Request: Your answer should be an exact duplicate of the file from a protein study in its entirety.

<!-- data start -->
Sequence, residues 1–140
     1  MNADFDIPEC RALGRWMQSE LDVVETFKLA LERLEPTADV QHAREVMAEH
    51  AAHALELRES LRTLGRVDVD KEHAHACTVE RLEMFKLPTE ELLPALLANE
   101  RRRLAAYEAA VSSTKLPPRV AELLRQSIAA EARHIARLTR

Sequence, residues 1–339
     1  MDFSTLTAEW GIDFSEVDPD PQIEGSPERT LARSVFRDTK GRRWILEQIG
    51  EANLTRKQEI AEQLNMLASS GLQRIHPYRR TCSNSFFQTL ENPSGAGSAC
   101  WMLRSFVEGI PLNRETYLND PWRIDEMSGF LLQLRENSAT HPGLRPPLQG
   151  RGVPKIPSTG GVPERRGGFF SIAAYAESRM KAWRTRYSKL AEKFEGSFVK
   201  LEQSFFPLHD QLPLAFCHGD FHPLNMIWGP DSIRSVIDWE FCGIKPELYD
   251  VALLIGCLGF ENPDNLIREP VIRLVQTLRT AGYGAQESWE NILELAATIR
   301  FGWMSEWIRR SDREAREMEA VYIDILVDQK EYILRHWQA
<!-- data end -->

Sequence, residues 1–140
     1  MNADFDIPEC RALGRWMQSE LDVVETFKLA LERLEPTADV QHAREVMAEH
    51  AAHALELRES LRTLGRVDVD KEHAHACTVE RLEMFKLPTE ELLPALLANE
   101  RRRLAAYEAA VSSTKLPPRV AELLRQSIAA EARHIARLTR

Sequence, residues 1–339
     1  MDFSTLTAEW GIDFSEVDPD PQIEGSPERT LARSVFRDTK GRRWILEQIG
    51  EANLTRKQEI AEQLNMLASS GLQRIHPYRR TCSNSFFQTL ENPSGAGSAC
   101  WMLRSFVEGI PLNRETYLND PWRIDEMSGF LLQLRENSAT HPGLRPPLQG
   151  RGVPKIPSTG GVPERRGGFF SIAAYAESRM KAWRTRYSKL AEKFEGSFVK
   201  LEQSFFPLHD QLPLAFCHGD FHPLNMIWGP DSIRSVIDWE FCGIKPELYD
   251  VALLIGCLGF ENPDNLIREP VIRLVQTLRT AGYGAQESWE NILELAATIR
   301  FGWMSEWIRR SDREAREMEA VYIDILVDQK EYILRHWQA